Initially, Umesh Yadav and Jasprit Bumrah were a little too short, enabling Burns and Wade to leave plenty of deliveries. But with time and overs, and no scoreboard pressure, Bumrah recalibrated successfully enough to pin both lbw in the space of consecutive overs, meaning that Smith and Labuschagne were facing a situation where the touring bowlers were in the ascendant when they arrived.
No-one benefited more from this state of affairs than R Ashwin, who had taken six wickets in the corresponding Adelaide Test in 2018 to be an integral part of India's series-shaping victory. This time, he teased Smith with a couple of fullish floaters, before delivering a quicker, flatter delivery that went on with the arm and bounced enough to take an edge near the splice to slip. His celebration of this wicket was understandably ebullient, but he was no less chuffed to find a way past Travis Head, who was crestfallen to miscue a return catch when beaten plainly in flight.
When the debutant Cameron Green toed a short ball to a diving Virat Kohli at midwicket, Australia had lost their first five wickets for less than 100 runs for the very first time in a Test match since Smith and Warner returned from their Newlands bans, and the chance for a first-innings tally of genuine force had been effectively lost.
More importantly, though, the Australians had been given a chastening reminder that theirs is not a team so strong that they can afford not to choose the best available players for the roles required, especially against a team as accomplished in Test matches as India. Things might have been worse still if a trio of chances had not gone down, allowing Labuschagne to wriggle his way to 47 and then Paine to fashion a decent wicketkeeper's innings.
His excellent contribution, perhaps Paine's best with the bat since his 92 in Mohali way back in 2010, was at least a reminder that, for the most part, specialist positions are characterised that way for good reason.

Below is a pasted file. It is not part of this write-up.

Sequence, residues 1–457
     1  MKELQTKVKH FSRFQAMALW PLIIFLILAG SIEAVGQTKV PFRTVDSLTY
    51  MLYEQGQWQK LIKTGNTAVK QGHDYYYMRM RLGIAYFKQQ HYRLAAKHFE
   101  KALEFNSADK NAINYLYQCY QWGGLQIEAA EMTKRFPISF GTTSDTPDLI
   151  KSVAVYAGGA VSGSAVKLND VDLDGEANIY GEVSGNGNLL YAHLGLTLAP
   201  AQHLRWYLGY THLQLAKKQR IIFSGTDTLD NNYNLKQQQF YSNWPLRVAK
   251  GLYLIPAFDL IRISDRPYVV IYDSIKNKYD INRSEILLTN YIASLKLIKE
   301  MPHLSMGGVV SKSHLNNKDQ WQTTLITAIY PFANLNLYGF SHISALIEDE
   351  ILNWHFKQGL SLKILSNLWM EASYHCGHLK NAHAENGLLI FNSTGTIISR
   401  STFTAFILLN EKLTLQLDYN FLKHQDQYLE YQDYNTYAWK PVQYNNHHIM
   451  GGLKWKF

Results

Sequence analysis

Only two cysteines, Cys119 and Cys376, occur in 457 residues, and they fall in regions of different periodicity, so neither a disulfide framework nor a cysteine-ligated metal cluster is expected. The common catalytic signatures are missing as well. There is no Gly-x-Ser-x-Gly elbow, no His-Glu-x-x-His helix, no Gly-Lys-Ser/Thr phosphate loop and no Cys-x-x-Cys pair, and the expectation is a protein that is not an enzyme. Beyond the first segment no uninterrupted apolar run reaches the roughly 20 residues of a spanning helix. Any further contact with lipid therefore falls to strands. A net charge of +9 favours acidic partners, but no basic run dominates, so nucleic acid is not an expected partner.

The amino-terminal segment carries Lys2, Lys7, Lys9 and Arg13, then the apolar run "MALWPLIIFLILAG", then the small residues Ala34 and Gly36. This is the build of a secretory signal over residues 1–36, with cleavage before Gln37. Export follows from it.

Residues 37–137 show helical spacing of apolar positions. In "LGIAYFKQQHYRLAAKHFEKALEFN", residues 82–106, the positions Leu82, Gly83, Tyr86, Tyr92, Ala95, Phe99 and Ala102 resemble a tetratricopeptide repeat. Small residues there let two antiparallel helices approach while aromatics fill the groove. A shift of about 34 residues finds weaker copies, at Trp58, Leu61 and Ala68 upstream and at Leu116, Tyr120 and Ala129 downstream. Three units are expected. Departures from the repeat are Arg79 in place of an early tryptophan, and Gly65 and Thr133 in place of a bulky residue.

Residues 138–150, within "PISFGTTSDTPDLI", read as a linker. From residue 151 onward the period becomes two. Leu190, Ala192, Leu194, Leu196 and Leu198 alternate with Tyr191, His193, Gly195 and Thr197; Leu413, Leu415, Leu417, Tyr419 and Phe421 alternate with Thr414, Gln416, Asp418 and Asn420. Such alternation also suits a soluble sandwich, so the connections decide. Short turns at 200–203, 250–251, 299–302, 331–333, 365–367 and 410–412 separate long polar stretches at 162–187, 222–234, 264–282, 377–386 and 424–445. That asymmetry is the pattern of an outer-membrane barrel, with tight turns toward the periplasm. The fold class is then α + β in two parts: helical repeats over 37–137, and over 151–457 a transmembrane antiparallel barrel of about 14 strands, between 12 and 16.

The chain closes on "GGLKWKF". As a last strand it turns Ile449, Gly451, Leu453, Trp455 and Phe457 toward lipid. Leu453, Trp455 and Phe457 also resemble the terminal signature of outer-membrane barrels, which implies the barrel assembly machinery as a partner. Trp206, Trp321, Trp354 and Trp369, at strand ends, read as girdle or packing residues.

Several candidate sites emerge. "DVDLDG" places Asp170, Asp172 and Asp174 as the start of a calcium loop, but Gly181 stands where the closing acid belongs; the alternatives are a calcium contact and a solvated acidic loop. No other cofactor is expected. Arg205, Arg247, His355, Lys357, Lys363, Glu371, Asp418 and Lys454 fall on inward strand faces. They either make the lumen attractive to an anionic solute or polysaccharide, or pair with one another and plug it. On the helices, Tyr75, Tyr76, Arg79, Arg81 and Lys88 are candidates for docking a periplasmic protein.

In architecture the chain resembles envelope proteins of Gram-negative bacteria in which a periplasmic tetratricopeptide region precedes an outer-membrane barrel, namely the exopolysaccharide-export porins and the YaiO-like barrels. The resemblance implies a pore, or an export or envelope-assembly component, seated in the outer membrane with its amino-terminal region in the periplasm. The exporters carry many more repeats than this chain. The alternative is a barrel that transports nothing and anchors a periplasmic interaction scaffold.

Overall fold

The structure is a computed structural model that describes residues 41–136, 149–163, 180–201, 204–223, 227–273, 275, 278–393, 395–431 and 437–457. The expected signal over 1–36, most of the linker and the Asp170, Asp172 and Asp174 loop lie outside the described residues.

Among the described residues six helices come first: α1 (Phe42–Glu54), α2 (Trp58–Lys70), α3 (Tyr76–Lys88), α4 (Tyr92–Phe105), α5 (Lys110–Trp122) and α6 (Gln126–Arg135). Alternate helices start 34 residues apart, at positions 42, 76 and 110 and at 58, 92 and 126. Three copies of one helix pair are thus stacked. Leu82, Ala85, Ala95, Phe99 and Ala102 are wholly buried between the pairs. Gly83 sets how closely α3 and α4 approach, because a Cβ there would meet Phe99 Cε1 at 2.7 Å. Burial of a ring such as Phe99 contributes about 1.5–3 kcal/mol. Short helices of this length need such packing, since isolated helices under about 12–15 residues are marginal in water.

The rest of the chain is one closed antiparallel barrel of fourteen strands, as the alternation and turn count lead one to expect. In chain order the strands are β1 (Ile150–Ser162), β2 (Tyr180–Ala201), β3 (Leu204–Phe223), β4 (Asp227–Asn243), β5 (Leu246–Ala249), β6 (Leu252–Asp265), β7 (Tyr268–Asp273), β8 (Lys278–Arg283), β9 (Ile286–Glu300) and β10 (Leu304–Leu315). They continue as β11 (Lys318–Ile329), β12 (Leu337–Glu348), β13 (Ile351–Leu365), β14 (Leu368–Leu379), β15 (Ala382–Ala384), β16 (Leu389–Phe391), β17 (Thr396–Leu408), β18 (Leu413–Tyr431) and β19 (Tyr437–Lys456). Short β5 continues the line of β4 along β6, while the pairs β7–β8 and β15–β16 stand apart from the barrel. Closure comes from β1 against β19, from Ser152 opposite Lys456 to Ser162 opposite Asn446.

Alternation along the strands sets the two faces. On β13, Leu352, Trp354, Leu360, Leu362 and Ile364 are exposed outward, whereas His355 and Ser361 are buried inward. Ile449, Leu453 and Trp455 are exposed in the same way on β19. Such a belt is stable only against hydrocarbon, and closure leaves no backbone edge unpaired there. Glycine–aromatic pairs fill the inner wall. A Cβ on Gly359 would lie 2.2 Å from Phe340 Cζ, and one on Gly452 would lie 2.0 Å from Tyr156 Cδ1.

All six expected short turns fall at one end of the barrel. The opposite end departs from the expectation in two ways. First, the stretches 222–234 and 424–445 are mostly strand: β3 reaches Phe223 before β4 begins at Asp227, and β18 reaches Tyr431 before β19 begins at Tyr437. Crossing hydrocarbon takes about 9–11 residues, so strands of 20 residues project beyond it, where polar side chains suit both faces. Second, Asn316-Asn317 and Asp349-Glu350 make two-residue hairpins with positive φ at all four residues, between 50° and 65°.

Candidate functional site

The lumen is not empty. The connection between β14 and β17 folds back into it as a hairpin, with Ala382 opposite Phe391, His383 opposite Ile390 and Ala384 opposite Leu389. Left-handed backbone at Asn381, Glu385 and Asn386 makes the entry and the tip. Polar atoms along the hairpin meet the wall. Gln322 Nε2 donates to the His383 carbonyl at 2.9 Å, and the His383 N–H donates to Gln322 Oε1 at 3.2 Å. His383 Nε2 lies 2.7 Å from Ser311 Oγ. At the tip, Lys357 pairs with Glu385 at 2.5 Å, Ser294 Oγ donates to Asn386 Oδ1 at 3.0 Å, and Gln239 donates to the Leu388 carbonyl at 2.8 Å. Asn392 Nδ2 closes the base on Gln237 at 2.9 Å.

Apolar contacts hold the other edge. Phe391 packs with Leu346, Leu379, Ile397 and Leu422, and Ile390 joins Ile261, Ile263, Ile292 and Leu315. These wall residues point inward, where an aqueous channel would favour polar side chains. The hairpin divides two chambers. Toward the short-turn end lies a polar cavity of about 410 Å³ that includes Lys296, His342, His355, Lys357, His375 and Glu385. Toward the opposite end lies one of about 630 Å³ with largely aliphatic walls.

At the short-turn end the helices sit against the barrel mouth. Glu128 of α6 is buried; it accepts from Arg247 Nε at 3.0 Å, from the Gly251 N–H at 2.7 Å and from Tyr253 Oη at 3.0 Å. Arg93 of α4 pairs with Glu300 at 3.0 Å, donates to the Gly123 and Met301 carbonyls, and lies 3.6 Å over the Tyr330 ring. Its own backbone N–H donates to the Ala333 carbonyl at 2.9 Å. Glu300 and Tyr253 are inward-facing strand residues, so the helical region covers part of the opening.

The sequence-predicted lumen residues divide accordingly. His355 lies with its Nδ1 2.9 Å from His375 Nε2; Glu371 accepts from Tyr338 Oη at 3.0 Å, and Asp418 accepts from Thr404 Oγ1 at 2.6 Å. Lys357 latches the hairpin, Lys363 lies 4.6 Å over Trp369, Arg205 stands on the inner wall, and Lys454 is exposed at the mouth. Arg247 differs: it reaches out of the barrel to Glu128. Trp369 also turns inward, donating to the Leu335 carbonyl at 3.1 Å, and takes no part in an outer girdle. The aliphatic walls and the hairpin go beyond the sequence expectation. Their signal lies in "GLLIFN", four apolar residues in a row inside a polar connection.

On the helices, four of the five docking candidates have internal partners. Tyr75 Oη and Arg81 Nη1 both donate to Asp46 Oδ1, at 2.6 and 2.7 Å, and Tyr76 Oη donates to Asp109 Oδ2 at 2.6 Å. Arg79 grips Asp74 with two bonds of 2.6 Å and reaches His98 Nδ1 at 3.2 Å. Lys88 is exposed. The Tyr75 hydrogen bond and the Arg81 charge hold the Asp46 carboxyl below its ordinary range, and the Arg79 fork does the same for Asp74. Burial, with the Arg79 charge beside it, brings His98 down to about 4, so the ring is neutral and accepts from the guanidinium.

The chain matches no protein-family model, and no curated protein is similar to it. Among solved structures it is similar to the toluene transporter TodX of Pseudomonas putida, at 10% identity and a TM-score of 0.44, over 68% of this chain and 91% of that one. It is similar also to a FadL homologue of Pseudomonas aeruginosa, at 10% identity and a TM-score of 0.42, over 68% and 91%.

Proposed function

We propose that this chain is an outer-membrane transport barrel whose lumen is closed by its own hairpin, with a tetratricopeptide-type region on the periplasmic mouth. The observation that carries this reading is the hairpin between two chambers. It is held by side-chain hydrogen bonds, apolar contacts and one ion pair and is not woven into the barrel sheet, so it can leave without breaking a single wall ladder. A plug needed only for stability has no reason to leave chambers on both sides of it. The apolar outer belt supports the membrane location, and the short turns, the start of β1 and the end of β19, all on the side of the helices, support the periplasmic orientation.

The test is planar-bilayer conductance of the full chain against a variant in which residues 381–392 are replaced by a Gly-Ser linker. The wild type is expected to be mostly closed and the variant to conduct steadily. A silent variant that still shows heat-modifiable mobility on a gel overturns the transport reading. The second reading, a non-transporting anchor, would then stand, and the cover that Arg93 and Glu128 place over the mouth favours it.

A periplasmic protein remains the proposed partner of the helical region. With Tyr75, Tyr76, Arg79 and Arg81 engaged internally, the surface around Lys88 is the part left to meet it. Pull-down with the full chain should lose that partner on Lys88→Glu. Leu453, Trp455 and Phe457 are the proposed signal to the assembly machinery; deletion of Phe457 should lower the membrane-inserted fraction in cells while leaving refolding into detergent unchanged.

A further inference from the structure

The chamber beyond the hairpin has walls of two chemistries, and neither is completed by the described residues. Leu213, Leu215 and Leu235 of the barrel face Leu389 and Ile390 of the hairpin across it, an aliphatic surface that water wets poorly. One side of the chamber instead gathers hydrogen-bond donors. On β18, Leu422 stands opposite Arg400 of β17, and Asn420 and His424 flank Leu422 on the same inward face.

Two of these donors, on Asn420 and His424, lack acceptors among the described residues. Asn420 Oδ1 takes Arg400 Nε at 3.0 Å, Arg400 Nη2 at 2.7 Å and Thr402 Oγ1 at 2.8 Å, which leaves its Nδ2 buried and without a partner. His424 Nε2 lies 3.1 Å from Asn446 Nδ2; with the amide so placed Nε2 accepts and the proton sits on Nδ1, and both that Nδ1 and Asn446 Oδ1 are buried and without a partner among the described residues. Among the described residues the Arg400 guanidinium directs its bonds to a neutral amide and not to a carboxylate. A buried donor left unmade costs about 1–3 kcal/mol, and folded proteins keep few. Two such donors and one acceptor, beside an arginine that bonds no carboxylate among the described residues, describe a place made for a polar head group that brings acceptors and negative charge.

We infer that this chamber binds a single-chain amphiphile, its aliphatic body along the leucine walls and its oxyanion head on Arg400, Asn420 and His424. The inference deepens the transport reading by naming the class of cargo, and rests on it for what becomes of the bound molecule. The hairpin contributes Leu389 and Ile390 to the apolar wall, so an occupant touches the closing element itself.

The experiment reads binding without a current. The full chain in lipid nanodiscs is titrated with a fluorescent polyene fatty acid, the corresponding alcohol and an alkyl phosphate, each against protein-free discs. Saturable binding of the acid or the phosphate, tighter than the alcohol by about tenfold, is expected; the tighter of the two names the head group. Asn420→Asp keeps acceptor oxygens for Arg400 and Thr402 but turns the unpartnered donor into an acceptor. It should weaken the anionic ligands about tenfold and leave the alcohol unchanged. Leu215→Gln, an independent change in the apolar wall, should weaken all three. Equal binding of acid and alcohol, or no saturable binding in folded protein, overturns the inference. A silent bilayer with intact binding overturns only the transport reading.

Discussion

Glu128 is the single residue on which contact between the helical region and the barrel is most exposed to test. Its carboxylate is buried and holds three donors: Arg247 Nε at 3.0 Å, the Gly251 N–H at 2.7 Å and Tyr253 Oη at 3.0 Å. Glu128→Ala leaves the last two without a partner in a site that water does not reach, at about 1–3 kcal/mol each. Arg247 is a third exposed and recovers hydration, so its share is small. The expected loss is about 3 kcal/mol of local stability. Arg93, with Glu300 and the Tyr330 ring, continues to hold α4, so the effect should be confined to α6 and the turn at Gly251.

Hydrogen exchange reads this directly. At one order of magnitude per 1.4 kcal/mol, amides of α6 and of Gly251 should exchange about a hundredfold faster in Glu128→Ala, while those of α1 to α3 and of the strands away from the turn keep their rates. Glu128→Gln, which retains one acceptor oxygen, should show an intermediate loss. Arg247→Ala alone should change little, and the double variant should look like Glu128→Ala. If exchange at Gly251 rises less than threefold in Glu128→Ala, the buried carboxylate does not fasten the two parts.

"Certainly not our best performance but you've got to give India credit, they put us under pressure and we couldn't get any momentum or partnerships," Paine said after the second day's play. "Our top order's done a terrific job for a fair while now, I'm back them in, they'll come good. Happy to contribute with the tail. While I was happy to go up [to open], I was happy to stay at seven as well and do my job. We were able to build a few partnerships and get into the Test match is nice, and that's where we want to be."
Paine ultimately thought better than to promote himself to open the batting, but his team was not good enough to make similar compromises at the top with Burns and Wade. The day had actually begun with a cautionary tale shared through the now ubiquitous Twitter feed of the footage archivist Rob Moody, showing how Bruce Reid failed to score even a single to avoid a one-run ODI loss to New Zealand 30 years ago.
What Moody's video did not quite show was that Reid found himself in the above predicament due to Allan Border's decision, amid a run of victories, to shuffle the top six so some of his middle order might get more of a hit. Border himself ended up batting as low as No. 8, but the lesson always stayed with him in later years. So too might this day of harsh reality shape the future calls of the Australian selectors.

Daniel Brettig is an assistant editor at ESPNcricinfo. @danbrettig